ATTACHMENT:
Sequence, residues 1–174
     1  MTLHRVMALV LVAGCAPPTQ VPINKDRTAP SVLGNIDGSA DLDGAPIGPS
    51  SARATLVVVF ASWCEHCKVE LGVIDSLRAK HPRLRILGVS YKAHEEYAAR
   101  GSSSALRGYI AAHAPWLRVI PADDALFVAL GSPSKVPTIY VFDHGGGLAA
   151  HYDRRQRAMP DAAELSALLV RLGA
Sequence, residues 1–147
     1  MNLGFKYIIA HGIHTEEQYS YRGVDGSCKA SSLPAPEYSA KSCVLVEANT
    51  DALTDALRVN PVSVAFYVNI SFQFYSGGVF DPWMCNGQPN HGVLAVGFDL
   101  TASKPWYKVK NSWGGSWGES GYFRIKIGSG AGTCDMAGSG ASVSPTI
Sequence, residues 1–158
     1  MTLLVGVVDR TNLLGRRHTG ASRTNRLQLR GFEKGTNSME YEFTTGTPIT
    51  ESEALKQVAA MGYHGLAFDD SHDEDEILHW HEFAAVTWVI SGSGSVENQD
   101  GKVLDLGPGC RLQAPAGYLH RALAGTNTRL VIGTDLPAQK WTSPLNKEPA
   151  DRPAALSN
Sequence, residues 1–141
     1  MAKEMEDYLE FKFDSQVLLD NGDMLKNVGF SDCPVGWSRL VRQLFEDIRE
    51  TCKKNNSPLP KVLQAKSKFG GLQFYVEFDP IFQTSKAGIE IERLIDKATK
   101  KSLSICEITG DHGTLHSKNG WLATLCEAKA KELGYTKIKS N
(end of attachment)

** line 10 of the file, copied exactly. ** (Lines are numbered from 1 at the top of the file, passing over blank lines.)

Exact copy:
Sequence, residues 1–158